I too am especially concerned about the lack of PPE for the healthcare staff. I am also heartbroken to learn that some staff never had Fit tests for FfP3 even though we had training for Ebola which was not airborne. The training should have continued yearly and on induction for new staff as we always have a new virus. Quite a number of staff still have no idea what a Fit test involves as some hospitals are either not doing them or doing a shortened version. I am really distressed thinking of healthcare staff who are looking after coronavirus positive patients with inadequate PPE! Many of the patients will die and many healthcare staff will never know if they have the virus unless they get tested. Hopefully when this is over, government and healthcare leaders will have learnt from errors made and in future start early to utilise and involve people who can help to expedite solutions. With every negative there are always positives. I believe this virus not only brought the world together, it taught the world to wash their hands, the meaning of PPE, fit tests, FFP3 and N95 respirator masks and the value of the roles of everyone in society.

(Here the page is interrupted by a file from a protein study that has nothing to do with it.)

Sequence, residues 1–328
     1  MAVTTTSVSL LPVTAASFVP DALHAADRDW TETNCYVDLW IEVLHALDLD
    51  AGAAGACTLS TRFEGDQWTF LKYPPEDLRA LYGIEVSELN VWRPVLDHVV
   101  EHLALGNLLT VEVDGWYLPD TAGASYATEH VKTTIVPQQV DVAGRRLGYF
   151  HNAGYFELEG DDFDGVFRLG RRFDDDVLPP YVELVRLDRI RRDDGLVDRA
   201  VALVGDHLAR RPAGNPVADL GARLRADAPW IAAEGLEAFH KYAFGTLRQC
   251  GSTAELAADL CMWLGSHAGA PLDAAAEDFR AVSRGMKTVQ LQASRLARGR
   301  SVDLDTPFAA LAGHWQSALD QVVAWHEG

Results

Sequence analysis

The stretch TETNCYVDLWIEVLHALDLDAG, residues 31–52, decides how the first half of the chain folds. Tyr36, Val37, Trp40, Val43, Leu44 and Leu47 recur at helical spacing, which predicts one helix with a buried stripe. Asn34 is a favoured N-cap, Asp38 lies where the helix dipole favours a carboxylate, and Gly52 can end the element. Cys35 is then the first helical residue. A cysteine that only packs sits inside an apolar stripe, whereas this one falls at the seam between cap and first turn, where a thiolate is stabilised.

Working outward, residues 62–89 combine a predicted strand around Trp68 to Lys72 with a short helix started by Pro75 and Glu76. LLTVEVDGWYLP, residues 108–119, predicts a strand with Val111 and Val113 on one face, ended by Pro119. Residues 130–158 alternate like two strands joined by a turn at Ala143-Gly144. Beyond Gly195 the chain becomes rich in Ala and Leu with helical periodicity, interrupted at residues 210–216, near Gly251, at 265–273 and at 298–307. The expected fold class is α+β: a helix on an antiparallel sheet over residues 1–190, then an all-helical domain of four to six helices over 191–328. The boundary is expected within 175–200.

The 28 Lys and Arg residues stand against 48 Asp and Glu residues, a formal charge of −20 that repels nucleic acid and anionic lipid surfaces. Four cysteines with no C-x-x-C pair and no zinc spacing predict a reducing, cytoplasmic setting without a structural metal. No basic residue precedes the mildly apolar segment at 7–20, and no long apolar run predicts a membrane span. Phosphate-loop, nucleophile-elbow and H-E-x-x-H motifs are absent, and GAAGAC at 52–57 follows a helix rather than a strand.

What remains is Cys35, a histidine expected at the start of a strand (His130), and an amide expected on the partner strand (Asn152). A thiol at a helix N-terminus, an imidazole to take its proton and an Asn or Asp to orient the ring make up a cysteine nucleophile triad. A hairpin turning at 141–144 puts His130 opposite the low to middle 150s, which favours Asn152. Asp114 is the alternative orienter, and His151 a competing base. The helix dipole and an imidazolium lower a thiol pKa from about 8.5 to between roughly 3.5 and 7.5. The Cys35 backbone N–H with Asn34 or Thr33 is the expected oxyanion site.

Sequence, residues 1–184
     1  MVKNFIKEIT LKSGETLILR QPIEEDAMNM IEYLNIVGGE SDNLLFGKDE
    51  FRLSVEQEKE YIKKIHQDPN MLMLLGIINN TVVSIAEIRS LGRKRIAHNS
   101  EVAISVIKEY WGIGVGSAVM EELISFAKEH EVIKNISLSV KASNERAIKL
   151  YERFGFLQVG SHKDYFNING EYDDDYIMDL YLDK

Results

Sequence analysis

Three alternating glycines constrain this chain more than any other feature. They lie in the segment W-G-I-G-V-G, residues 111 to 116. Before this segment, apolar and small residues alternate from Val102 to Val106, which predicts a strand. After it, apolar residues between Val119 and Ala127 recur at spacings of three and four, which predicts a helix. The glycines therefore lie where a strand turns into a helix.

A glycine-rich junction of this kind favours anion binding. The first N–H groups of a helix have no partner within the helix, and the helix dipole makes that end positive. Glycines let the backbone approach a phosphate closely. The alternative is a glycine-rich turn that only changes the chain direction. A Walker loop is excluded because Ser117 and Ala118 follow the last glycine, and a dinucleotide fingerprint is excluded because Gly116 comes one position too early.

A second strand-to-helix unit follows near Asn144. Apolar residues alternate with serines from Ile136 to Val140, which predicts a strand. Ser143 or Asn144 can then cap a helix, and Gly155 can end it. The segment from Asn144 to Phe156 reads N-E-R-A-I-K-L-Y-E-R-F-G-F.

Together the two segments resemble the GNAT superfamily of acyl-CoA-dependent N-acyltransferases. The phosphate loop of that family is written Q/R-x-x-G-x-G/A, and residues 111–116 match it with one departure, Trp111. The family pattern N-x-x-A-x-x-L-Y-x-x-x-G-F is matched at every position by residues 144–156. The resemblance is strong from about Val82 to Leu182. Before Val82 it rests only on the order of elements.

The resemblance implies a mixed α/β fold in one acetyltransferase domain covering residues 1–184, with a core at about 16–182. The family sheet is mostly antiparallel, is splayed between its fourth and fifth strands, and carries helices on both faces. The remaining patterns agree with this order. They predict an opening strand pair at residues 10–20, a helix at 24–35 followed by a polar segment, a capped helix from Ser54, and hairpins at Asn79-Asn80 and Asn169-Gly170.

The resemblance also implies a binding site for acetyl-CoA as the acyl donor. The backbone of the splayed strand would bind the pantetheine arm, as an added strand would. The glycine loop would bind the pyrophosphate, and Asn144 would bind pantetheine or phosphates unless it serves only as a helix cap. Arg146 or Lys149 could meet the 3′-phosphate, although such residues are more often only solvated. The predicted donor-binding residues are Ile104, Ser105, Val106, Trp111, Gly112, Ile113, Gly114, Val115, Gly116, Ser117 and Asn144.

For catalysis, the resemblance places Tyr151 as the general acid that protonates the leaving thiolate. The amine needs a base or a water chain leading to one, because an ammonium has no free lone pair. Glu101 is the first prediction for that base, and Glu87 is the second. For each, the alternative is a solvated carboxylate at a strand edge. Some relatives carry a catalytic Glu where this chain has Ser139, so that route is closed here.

8. Content Article